"It helps to ask ourselves the question Jesus so often asks the disciples: "Why are you afraid?" It helps to recall the burning bush God set before Moses, for God's fire did not destroy it. If we truly trust in God, we find more assurance than terror in the thought that God wants to purify us, so that everything false in us turns to ash, and only the good and true remain. To suffer is not a gentle thing, but the end results is pure honey."
"This child was named by God, and it does not go easy for those who are touched by God's hand. "What, then," the people wondered, "will this child become?" I hear, in that question a restating of Malachi's truth. The Lord we desire may indeed be close at hand, but it will not be easy for us to accept his call. If we continue reading in the Gospel, we find the song that Zechariah sings in praise of God, called the "Benedictus" in church tradition, and commonly recited at Morning Prayer. In this song, we find that it is not merely John the Baptist, but we ourselves who are addressed: "And you, child, will be called the prophet of the Most High; for you will go before the Lord to prepare his way, to give knowledge of salvation to his people by the forgiveness of their sins."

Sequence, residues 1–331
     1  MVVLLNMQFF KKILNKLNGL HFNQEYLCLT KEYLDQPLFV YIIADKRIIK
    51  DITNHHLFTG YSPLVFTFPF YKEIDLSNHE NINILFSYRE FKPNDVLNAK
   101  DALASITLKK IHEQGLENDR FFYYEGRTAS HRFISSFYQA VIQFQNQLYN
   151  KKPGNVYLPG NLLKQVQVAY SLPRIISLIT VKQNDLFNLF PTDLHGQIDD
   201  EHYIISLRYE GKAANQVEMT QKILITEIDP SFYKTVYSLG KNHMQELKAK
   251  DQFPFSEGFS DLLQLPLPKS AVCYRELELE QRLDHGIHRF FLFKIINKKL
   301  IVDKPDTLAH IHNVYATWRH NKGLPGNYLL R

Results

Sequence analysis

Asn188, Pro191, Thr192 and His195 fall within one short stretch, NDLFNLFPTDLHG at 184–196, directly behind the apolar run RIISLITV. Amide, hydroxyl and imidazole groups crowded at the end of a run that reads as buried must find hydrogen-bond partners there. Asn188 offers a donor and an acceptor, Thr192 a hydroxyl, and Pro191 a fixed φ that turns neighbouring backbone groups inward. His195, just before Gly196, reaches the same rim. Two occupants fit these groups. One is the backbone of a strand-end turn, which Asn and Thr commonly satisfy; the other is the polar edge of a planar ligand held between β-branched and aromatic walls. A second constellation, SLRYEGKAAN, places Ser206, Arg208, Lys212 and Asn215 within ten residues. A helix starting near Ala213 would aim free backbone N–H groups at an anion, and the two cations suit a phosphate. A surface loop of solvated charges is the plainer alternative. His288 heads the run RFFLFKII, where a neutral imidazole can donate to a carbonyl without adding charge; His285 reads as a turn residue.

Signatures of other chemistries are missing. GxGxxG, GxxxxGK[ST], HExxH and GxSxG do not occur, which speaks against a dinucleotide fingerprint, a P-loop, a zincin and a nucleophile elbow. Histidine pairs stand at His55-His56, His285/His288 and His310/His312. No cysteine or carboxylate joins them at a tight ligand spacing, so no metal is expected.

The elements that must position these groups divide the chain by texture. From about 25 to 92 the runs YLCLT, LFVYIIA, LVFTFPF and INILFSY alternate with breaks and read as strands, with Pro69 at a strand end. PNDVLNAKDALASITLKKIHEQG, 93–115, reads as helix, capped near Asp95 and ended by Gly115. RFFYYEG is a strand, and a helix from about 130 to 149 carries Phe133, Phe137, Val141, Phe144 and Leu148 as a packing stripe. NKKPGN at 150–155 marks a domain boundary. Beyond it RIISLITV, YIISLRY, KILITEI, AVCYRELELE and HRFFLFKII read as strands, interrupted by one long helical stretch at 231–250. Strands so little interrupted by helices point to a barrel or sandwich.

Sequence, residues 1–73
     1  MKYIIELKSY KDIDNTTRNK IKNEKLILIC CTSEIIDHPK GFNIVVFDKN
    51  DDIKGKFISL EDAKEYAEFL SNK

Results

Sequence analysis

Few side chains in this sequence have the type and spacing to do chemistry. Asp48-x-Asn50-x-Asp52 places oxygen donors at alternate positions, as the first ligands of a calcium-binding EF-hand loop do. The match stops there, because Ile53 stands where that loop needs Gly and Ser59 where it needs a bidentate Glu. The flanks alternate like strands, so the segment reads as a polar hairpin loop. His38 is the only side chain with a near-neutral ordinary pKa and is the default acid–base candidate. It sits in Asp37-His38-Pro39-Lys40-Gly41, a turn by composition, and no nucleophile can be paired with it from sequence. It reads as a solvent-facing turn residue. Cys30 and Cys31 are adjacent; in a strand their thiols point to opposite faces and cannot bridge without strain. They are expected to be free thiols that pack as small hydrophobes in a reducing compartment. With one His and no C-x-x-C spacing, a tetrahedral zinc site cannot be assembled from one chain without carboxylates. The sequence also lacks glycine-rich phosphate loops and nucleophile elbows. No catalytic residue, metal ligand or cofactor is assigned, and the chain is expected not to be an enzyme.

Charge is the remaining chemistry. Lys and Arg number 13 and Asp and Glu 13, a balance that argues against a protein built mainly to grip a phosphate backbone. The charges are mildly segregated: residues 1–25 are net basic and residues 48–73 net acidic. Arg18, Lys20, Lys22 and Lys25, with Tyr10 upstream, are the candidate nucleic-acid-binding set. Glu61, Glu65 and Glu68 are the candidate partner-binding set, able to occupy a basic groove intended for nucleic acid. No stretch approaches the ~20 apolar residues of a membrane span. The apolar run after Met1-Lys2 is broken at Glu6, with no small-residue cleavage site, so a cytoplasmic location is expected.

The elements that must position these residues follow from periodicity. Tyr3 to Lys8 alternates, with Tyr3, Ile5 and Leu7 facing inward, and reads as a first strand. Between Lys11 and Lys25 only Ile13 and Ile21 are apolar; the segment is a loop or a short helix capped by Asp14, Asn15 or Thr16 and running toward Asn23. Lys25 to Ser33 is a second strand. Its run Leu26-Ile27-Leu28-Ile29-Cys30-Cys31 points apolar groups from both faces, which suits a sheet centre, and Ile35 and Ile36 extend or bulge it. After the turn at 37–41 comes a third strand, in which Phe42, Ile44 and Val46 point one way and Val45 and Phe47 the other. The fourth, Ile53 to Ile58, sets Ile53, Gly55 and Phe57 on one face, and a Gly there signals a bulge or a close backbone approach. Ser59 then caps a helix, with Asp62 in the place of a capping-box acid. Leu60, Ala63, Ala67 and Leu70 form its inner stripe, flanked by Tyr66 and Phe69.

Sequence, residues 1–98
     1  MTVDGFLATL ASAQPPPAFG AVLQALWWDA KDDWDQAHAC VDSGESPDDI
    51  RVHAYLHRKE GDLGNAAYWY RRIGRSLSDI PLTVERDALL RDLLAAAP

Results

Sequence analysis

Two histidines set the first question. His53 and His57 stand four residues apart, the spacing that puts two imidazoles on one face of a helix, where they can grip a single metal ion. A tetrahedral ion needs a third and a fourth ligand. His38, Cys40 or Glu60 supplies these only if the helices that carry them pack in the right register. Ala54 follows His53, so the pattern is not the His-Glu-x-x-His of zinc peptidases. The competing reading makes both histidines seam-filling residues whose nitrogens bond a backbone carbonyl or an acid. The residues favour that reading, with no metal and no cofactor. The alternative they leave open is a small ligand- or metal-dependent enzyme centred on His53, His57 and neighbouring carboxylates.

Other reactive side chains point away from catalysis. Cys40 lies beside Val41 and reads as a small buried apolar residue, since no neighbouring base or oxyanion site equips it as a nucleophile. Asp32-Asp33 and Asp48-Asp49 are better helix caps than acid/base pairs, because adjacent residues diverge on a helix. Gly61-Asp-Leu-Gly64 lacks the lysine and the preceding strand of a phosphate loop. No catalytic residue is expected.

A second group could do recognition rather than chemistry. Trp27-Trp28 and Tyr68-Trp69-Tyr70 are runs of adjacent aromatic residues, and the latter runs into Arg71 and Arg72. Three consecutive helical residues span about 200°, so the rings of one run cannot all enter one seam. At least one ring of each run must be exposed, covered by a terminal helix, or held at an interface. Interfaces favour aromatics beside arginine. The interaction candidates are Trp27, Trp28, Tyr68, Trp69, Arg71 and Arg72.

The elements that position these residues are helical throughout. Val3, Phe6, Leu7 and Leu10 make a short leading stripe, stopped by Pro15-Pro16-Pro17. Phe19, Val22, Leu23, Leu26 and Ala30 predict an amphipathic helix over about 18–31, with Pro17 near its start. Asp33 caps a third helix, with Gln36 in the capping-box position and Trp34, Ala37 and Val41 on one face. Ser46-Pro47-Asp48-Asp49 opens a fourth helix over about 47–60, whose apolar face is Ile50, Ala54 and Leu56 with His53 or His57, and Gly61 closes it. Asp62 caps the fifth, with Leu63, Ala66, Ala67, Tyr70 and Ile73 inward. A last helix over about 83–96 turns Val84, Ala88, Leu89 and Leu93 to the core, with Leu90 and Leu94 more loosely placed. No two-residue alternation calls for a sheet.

"This was John's calling, and it is our own, a truth both consoling and terrifying. We are enslaved, by selfishness and addiction and all the wreckage that sin can wreck on the world, but are we willing to risk being freed? Do we dare to enter that dangerous new country, leaving sure comforts behind? Perhaps it is time to surrender, open our hearts, and accept the wonder of Christmas by saying, with Karl Rahner, "We have not choice, God is with us." (Kathleen Norris, God With Us)
Come Lord, set us free!
Let it be.